I studied acting for four years at Wagner College and had, in my humble opinion, one of the best acting teachers around. His name is John Jamiel, and he literally changed my life as both an artist and a man. He had studied with Uta Hagen and taught her method with the same passion and discipline that she instilled in her students. I hold him in very high regard, and, after graduating, I knew that he would be extremely hard to replace. I was lucky enough to be working on the road for the next three years, so I wasn't able to be in class. However, when I returned to LA, I soon had the hunger to be back in a bare studio, sitting on a wooden cube spouting some words by Coward or Williams. But who to choose in a town full of quacks? I decided to ask friends for recommendations.
The first night of class, I arrived at the studio ten minutes early. As I approached the entrance, a small, troll-like man stepped in front of me, blocking my path. He resembled a younger version of the main character, Carl, from the Pixar film, "Up": round face, short, white hair and black, square spectacles. He looked up at me with the fearlessness of a NYC bouncer.
"Who are you?!" he barked.
"Hi, I'm Noel. I'm here for the class."
He looked me up and down as if I were a potential murder suspect in a recent homicide.
"You can go in," he relented.
Stepping out of the way, I entered the studio and wondered who the hell that jerk-off was. Within a few minutes, I had my answer.
"Okay, settle. My name is Frank Gambino, and this is the first night of the month-long class."
Are you kidding me? He didn't even have the decency to introduce himself to me at the door?
Not a good start.
A fellow student came in a couple minutes late and announced his tardiness with a loud sneeze. He quickly wiped his hand on his pant leg. Frank looked at him with complete scorn.
"Who are you?!"
"Hey, man, I'm Tony." Tony put out his hand for Frank to shake.
Frank looked at him like he was a leper. "Oh no."
"Oh yeah, I'm a little sick. That's cool."
"No, no. I wouldn't shake your hand if you were healthy. Sit."
Tony swallowed his pride and took a seat.
Was this guy for real?! Could he really be such an unabashed asshole?
Frank proceeded to drone on for the next two hours about the history of the Stanislavsky method and the birth of the Actor's Studio. Most of what he spouted I had already learned in college, but I figured it never hurt to recollect the history of what I do for a living. After his sermon, he assigned us our scene partners. My partner was a lovely woman named Melody, and we were given a scene from a John Patrick Shanley play. He gave us a few minutes to meet our partners and then excused us for the night.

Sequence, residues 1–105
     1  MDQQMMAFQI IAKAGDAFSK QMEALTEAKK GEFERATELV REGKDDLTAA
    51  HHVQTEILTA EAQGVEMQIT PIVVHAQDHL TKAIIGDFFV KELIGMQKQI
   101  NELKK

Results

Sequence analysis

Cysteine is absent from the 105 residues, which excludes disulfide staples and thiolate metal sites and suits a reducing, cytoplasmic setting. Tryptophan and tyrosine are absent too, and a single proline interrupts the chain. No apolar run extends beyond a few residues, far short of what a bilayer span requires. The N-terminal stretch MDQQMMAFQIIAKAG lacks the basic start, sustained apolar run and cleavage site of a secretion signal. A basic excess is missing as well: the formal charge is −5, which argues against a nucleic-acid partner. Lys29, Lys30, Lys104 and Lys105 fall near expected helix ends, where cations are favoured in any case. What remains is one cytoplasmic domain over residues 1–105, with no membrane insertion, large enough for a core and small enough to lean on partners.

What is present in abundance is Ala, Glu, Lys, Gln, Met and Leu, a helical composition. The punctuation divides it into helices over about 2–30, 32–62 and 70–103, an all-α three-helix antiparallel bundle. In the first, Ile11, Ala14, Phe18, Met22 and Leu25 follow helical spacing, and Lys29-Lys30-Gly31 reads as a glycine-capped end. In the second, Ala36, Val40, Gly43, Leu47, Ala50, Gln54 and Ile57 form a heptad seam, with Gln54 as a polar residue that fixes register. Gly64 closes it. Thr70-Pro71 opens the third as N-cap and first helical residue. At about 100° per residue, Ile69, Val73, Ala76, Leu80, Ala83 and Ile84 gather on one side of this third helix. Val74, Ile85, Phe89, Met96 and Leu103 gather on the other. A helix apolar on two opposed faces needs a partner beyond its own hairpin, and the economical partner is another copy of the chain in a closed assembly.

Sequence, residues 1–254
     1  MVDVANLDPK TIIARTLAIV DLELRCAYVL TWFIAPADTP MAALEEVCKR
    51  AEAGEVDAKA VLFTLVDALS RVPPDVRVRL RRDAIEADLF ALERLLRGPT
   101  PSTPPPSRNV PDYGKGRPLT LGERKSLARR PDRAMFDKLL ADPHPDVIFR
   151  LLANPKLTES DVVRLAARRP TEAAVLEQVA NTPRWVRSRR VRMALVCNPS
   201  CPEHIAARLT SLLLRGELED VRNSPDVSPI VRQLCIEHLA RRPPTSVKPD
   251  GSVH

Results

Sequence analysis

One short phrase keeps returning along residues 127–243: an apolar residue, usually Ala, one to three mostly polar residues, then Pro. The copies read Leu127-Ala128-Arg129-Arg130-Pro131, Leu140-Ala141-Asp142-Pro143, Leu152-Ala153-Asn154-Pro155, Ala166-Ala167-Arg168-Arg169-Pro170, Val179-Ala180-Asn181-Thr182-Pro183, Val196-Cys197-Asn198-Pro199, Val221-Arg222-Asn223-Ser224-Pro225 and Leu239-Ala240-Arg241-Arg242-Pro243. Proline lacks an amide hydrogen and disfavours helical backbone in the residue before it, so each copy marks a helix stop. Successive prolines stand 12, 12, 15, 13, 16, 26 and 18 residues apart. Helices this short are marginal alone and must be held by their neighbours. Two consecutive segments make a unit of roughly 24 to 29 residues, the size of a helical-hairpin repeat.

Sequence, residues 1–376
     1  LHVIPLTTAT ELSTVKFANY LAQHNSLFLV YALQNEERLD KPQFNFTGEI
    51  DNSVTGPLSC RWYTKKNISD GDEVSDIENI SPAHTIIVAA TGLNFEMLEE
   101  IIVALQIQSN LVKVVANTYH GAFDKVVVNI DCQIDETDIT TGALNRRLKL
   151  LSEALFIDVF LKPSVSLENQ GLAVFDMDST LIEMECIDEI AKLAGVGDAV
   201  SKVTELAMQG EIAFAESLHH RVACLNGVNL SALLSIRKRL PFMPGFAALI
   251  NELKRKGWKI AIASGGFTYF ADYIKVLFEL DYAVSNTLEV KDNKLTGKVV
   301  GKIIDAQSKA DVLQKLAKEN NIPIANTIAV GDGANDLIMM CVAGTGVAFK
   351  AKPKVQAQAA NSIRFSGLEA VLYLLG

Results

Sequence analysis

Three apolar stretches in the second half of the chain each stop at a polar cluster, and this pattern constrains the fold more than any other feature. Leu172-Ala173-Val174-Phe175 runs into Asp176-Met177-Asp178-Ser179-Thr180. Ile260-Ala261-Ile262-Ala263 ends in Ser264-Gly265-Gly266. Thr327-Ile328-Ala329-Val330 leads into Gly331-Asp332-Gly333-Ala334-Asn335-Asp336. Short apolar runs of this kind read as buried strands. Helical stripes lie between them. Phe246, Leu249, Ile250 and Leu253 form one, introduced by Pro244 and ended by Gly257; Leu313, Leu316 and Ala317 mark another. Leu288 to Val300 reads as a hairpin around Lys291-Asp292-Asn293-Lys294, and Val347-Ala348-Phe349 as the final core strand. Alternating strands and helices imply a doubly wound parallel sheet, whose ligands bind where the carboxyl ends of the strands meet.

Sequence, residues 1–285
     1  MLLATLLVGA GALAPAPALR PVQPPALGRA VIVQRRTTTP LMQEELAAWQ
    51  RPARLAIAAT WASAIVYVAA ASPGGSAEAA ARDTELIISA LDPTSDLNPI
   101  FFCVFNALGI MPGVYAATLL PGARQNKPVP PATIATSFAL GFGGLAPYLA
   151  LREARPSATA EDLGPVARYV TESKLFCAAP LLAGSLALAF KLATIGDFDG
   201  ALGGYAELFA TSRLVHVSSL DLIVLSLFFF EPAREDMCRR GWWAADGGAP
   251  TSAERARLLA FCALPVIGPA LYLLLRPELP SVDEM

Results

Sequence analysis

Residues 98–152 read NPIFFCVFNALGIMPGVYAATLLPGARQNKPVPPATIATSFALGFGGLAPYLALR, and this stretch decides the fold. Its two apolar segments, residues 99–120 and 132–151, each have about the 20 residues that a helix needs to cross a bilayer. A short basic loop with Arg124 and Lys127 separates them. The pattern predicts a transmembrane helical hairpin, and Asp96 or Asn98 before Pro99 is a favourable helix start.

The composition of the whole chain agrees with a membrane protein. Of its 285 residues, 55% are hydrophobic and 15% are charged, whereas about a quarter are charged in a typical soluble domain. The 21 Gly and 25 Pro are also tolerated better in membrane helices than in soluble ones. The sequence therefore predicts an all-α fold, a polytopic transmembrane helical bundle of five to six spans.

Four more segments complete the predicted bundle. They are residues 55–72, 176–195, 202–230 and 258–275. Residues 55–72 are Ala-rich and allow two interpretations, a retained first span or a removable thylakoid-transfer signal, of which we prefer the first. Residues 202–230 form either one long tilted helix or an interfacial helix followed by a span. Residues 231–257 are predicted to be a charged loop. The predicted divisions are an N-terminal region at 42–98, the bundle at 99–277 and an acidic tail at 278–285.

On my way out, I learned that Melody had been studying with Frank for about six months, so I asked her if he liked his students to be off-book for the first rehearsal. Melody laughed.
"Oh my God. We'll be lucky if we get two words out, let alone a line!"
"Oh, yeah. Just wait."
She said goodnight, and as I walked back to my car I wondered, "What the hell have I gotten myself into?"
The second night. The night of the incident. I was seated in one of the last rows of the small theatre. Once everyone was seated, Frank took the stage.
"So last night we talked about the history of the method. Who can tell me the name of the theatre that Stanislavsky founded?"
One of Frank's minions shot her hand up in the air.
"The Moscow Art Theatre."
"That's right, Alison. Good."
A Stepford-wife smile grew across Alison's face. Frank then turned his beady eyes towards me.
"Noel, can you tell me what Sarah Bernhardt said about playing Hamlet?"
I paraphrased a quote that Frank had relayed to us the night before.
"Now, is that exactly what she said, Noel?"
"Not exactly. But I think that's the essence of what she said."
"But not exactly?"
"And why isn't it exactly what she said, Noel?"
"Probably because I didn't write it down."
"Oh, you didn't write it down. And why didn't you write it down, Noel?"
I was really not liking the way he kept saying my name.
"Well, because I thought we would be up on our feet, so I didn't bring a notebook with me."
"So what you're saying is, you came to class, but you weren't prepared for class."
"I guess you could say that, yes."
"Oh, you guess I could say that. Alison, if Noel was your scene partner, how do you think he would approach the scene?"
The sycophant snapped to attention.
"Well, Frank, I think Noel wouldn't come prepared to do the scene. And I think Noel would want the scene to go the way he wanted it go."
I was speechless. This girl was making a judgment of me as an actor because I forgot a notebook?! Oh no she didn't!! My blood pressure was rising.
Frank retorted. "I think you're right, Alison. Now, Noel, how are you sitting?"
"How am I sitting? Well, my legs are crossed; my arm is resting on the seat next to me."
"Would you say you're sitting kind of casual?"
"I guess you could say that."
"Yeah, you look kind of casual. Kind of coffee casual."
I thought to myself, that would make a great name for an LA coffeehouse…Coffee Casual. But I digress.